Copy editing is the most basic, and, in some ways, most essential level of revising: without it, publishers may reject your manuscript outright. It involves correcting errors in spelling, grammar, syntax, and punctuation; formatting the text to conform to a publisher’s guidelines; and ensuring consistency of terminology and citations. It may also entail rephrasing sentences to improve their readability or adjust them to the target audience; adding or deleting paragraph breaks to group ideas in a logical sequence; or adding headings or subheadings to make the organization of the text more apparent.
Copy editing is sometimes erroneously called “proofreading,” which is actually a different editorial task that takes place right before printing or publishing a text. Proofing involves comparing the page proofs (the typeset pages after layout is complete) against the version delivered to the typesetter to make sure no errors were overlooked or introduced during layout. This is not a service I offer, but I would be happy to recommend some trusted proofreaders if you need such work.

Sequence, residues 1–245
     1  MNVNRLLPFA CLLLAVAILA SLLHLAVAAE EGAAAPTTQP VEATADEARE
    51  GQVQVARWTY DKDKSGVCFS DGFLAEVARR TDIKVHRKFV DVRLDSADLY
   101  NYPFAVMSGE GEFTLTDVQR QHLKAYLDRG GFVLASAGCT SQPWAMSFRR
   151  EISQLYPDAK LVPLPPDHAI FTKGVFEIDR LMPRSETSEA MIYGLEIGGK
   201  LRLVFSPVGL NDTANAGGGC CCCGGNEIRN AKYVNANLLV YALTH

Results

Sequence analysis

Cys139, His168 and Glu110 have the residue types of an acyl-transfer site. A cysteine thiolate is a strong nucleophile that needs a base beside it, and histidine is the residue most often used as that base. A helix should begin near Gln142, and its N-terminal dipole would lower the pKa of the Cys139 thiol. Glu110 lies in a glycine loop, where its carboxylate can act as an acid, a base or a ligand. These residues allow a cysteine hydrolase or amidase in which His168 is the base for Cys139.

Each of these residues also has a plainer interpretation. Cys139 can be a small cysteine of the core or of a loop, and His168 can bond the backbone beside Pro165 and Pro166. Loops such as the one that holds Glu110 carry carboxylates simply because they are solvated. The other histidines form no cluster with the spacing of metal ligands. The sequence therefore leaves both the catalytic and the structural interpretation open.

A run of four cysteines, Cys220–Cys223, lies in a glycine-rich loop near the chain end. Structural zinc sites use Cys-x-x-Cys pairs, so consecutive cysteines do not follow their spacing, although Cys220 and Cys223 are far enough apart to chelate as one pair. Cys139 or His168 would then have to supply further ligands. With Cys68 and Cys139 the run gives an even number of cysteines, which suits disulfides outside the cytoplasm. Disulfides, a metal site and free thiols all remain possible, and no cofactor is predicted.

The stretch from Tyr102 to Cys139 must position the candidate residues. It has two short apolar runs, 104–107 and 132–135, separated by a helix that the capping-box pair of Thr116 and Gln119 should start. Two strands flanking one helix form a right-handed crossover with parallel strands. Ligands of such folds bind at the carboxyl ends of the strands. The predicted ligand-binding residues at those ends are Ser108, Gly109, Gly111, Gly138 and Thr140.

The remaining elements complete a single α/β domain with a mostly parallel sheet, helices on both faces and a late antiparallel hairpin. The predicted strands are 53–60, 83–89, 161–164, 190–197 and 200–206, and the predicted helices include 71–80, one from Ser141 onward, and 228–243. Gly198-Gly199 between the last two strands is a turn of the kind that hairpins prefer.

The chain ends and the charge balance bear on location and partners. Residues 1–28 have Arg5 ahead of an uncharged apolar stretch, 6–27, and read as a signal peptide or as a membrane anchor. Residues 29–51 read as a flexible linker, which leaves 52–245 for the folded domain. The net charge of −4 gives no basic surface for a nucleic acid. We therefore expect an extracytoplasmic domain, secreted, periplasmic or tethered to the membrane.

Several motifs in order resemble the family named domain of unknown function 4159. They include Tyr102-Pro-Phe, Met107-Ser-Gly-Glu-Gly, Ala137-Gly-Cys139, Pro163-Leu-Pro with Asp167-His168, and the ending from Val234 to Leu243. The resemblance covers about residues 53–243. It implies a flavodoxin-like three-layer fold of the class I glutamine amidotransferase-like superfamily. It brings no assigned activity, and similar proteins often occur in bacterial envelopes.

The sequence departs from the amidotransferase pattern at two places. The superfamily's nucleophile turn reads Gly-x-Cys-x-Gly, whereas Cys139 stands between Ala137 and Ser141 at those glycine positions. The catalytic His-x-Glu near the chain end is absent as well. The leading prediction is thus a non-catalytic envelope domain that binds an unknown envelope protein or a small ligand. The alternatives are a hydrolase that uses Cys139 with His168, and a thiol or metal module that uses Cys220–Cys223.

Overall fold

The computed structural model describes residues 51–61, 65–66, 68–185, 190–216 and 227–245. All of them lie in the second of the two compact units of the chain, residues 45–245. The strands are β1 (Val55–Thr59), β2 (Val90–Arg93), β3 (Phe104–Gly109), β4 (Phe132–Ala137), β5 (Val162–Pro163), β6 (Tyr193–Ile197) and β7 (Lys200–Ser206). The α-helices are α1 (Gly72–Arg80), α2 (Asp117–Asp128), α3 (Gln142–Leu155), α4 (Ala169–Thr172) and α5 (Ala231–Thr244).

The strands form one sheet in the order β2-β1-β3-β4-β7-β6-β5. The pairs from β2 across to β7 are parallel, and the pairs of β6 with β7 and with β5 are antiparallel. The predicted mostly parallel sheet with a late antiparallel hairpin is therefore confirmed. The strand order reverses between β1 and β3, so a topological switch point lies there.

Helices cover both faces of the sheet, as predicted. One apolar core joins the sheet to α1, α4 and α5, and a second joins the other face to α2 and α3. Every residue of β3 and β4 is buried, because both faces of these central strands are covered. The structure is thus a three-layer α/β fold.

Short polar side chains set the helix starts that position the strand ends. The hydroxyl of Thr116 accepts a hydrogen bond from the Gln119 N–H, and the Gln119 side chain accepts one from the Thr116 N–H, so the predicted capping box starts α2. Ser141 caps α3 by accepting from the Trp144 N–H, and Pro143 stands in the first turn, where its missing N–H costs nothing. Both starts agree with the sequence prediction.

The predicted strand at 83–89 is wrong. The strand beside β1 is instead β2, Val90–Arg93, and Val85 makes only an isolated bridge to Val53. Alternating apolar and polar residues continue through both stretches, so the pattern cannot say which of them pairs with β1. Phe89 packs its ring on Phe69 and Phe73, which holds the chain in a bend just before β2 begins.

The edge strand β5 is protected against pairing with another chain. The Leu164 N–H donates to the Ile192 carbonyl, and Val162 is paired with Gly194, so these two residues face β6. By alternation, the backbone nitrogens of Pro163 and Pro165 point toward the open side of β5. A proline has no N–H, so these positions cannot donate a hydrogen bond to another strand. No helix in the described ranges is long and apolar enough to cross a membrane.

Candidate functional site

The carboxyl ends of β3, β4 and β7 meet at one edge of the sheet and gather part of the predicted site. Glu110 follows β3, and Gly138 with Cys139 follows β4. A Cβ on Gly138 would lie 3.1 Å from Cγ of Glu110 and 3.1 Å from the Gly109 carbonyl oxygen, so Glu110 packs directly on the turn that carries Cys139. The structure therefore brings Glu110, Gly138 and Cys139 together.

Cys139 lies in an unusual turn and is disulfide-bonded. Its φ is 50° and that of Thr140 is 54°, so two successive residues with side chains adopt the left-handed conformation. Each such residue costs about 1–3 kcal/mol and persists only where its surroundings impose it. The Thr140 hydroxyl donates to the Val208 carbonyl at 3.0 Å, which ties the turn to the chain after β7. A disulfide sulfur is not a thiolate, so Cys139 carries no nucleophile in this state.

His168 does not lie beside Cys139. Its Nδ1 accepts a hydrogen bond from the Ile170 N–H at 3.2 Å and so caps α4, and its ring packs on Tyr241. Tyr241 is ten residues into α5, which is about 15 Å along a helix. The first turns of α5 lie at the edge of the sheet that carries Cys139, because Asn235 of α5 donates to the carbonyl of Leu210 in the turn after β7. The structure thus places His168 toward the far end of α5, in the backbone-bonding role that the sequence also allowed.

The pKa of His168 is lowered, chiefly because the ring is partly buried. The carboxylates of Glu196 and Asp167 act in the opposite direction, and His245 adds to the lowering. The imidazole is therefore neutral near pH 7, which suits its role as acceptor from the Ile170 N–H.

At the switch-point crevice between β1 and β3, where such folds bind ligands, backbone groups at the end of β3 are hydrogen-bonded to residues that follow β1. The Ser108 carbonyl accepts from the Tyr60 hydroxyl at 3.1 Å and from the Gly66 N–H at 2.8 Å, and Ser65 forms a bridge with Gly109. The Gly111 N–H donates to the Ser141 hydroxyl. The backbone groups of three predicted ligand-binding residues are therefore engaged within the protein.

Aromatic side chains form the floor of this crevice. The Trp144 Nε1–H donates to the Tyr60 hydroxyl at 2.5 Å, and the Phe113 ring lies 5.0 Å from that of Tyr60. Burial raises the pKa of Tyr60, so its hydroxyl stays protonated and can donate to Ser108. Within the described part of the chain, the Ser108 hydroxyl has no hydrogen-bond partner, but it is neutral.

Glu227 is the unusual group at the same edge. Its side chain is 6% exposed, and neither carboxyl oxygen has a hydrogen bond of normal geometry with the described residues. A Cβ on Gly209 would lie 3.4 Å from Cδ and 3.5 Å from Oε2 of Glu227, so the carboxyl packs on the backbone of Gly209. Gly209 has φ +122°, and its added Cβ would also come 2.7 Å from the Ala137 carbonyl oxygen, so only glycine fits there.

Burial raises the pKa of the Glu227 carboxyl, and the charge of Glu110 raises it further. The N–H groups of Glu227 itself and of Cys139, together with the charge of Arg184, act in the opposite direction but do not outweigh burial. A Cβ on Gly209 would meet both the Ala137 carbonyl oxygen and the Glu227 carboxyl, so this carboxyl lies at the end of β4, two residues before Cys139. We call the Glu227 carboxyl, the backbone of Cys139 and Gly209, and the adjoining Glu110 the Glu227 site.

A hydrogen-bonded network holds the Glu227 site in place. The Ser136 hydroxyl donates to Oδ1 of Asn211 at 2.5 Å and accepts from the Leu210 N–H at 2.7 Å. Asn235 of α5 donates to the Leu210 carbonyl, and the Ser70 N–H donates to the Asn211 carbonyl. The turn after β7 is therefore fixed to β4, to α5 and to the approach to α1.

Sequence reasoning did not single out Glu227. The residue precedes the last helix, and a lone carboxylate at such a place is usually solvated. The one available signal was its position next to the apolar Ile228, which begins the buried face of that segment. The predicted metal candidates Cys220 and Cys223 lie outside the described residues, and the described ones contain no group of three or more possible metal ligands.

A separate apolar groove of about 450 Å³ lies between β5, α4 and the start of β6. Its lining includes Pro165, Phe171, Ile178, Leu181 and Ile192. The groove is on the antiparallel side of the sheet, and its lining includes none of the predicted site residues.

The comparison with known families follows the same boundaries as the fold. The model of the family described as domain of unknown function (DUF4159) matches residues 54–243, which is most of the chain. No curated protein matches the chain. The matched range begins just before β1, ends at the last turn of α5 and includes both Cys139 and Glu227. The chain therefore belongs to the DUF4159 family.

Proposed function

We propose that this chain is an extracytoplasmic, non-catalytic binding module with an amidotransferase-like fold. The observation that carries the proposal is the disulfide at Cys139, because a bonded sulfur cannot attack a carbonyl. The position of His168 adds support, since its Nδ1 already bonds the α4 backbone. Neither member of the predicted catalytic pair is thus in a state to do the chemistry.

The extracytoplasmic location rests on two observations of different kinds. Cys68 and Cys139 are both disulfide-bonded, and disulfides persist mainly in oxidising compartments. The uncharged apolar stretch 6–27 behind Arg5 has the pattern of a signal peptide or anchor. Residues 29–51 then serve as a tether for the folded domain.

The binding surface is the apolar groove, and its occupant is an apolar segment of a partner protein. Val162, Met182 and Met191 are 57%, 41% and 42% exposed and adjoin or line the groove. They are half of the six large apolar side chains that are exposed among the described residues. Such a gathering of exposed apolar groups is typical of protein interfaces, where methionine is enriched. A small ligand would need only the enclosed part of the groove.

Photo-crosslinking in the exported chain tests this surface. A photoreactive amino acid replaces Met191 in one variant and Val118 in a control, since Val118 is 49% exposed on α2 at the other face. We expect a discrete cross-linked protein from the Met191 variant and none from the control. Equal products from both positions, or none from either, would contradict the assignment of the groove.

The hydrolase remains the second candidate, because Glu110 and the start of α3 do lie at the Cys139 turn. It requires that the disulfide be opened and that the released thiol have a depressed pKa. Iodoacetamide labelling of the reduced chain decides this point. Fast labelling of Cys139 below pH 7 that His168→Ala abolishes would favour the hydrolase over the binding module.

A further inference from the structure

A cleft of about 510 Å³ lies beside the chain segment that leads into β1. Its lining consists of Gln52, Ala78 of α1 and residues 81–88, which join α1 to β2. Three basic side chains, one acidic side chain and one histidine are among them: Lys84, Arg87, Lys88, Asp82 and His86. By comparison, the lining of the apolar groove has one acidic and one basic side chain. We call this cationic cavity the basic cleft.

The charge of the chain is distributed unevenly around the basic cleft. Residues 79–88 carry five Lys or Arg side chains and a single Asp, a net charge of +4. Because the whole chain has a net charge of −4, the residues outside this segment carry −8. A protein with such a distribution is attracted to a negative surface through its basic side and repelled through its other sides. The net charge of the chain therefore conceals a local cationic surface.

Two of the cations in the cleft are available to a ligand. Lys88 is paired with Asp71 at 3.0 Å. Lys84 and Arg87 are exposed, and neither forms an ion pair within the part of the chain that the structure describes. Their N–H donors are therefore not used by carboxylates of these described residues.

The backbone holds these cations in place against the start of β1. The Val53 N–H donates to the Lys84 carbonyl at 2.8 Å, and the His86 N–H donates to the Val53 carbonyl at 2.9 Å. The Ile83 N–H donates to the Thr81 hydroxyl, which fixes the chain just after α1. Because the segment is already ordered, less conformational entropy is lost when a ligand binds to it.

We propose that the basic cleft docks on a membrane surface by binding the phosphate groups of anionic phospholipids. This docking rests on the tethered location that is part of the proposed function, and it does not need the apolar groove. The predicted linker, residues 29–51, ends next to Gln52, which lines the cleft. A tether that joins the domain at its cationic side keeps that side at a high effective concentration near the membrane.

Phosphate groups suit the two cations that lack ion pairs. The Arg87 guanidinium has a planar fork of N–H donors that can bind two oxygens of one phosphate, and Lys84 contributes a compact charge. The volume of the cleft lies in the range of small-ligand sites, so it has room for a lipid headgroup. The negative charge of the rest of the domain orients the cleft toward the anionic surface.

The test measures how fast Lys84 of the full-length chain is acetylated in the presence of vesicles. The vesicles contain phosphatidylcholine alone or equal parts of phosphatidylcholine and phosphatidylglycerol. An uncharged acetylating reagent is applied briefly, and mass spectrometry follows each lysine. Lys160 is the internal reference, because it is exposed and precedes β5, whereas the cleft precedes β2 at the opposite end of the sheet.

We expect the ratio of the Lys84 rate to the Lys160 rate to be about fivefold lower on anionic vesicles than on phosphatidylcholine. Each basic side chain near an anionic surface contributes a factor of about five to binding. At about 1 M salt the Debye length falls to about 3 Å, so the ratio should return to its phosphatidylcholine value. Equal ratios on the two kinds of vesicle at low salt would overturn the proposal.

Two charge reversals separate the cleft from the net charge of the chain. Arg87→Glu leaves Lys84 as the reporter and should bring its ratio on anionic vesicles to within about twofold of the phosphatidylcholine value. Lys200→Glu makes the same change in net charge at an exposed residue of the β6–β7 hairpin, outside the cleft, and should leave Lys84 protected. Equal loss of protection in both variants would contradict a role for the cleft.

Although each academic publisher has its own style sheet that must be rigorously followed when copy editing a text for publication, these guidelines are usually variants of one of only a few major academic style manuals. I am thoroughly versed in the Chicago Manual of Style, including both of its citation systems (the author-date system and the note-bibliography system). I have also worked with the style manuals of the American Psychological Association (APA) and the Modern Languages Association (MLA). When we discuss specifics of your publication aims, please let me know which style manual is used by the journal or press where you want to publish, as well as the web address of its specific style sheet. This way we can save time and cost from the start of the editing process.